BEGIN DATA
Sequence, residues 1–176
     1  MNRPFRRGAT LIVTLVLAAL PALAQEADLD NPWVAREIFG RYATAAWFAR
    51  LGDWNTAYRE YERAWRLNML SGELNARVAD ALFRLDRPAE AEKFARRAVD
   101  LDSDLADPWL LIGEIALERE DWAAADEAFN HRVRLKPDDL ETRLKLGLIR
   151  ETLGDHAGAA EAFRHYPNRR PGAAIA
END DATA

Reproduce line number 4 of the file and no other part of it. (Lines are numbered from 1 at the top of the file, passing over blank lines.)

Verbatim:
   101  LDSDLADPWL LIGEIALERE DWAAADEAFN HRVRLKPDDL ETRLKLGLIR